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Sabot v. Pringle

United States District Court, D. North Dakota

January 7, 2020

Eric Lance Sabot, Petitioner,
v.
Chad Pringle, Warden, et al., Respondents.

          ORDER GRANTING IN PART AND DENYING IN PART MOTION TO DISMISS

          Clare R. Hochhalter, Magistrate Judge

         Before the court is a Motion to Dismiss filed by respondent on March 30, 2019. (Doc. No. 10). For the reasons set forth below, respondent's motion is granted in part and denied in part.

         I. BACKGROUND

         Petitioner Eric Lance Sabot (“Sabot”) was, following a bench trial in state district court, convicted of the offense of terrorizing and sentenced to a term of imprisonment of five years with two years suspended and three years of supervised probation. (Doc. No. 9-4). He appealed, asserting there was insufficient evidence to support his conviction. (Doc. No. 9-5). The North Dakota Supreme Court summarily affirmed his conviction on December 7, 2017, concluding there was enough evidence to support it. (Doc. No. 9-9). The mandate issued on January 30, 2018. (Doc. No. 9-1).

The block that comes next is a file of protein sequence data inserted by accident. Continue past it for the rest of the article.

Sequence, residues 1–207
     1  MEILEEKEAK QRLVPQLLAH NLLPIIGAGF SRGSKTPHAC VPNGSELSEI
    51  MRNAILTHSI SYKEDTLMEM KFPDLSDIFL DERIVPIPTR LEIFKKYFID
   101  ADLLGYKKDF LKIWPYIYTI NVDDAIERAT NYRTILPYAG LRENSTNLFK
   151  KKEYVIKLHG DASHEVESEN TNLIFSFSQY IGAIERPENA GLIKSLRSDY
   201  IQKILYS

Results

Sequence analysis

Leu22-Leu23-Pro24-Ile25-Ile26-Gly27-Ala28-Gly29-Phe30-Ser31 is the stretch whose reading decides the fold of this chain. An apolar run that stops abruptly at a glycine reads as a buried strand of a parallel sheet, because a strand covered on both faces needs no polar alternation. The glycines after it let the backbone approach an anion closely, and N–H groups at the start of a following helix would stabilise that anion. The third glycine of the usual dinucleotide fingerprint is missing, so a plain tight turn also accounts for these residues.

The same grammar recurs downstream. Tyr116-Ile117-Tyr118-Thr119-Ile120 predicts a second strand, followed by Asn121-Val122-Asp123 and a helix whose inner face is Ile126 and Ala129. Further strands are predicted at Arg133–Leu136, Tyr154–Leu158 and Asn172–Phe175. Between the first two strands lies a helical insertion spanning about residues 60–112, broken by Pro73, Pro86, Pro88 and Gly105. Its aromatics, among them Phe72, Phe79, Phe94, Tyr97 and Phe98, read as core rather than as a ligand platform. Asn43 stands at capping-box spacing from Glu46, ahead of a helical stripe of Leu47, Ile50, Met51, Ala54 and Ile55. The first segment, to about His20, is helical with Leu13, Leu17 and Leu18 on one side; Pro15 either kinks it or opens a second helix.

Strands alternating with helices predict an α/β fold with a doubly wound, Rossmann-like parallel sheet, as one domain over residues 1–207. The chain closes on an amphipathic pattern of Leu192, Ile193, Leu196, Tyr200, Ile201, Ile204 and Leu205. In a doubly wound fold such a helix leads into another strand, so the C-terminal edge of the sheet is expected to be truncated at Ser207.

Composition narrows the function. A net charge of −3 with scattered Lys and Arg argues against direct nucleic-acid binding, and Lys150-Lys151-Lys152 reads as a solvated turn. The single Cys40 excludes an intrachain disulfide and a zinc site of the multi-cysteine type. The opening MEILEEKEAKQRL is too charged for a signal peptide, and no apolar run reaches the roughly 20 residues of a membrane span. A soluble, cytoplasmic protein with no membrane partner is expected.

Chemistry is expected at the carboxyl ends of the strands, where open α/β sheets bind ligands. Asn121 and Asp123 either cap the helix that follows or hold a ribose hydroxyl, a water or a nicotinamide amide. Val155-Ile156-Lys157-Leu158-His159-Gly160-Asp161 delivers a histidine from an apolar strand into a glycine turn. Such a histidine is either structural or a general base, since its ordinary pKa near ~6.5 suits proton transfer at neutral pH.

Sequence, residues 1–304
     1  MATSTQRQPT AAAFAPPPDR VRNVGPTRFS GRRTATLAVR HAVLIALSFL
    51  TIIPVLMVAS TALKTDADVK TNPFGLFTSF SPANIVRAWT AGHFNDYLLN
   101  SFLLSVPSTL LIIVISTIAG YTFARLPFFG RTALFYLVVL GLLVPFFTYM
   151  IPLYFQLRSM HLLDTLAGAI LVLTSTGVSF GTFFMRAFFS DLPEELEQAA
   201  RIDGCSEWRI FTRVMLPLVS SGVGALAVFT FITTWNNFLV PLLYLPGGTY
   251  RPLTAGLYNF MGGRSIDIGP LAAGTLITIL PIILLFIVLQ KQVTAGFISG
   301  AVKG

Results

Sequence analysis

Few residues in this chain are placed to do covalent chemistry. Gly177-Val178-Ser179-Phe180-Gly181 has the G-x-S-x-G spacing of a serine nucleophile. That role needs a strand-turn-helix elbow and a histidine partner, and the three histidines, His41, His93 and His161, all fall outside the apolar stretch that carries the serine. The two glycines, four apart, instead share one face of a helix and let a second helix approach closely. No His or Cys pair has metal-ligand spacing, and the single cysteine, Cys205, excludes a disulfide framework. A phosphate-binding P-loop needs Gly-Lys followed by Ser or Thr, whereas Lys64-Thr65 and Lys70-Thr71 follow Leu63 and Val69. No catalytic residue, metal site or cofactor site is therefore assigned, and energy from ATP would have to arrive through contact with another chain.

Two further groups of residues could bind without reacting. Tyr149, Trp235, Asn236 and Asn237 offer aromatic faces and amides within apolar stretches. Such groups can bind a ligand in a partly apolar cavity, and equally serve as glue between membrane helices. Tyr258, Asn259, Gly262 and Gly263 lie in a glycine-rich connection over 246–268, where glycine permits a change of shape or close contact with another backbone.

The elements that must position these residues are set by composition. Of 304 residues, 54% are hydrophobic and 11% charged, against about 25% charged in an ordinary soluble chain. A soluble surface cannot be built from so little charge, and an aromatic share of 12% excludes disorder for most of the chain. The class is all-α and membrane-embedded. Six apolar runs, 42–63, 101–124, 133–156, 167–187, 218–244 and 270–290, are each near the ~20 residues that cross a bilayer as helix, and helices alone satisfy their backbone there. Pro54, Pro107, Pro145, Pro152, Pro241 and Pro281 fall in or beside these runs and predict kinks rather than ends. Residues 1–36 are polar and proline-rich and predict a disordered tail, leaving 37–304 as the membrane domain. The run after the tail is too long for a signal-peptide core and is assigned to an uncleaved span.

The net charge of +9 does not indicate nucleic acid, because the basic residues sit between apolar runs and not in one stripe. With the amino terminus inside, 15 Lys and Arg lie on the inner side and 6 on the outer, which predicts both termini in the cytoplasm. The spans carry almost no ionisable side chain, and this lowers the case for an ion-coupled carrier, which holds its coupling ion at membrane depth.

Sabot filed an application for post-conviction relief with the state district court on February 1, 2018, asserting:

(1) "The conviction was obtained or the sentence was imposed in violation of the laws or the constitution of the United States or Constitution of North Dakota." (Doc. No. 9-11).
(2) "The sentence is not authorized by law." (Id.)
(3) "Evidence not previously presented and heard, exists requiring vacation of the conviction or sentence in the interest of justice." (Id.)
(4) "The conviction or sentence is otherwise subject to collateral attack upon any ground I alleged error available before July 1, 1985 under any common law, statutory or other writs, motion, proceeding, or remedy." (Id.)
(5) "Denial of effective assistance of counsel; the Sixth Amendment . . . . I asked my lawyer Thomas Glass to include evidence from section 2 of my writ of certiorari but he did get this important evidence that I told him I needed to refute the States case or claims! Just by reading Dan Donlin's letter it is clear why it so important to my case in exonerating me!" (Id.) (error in original)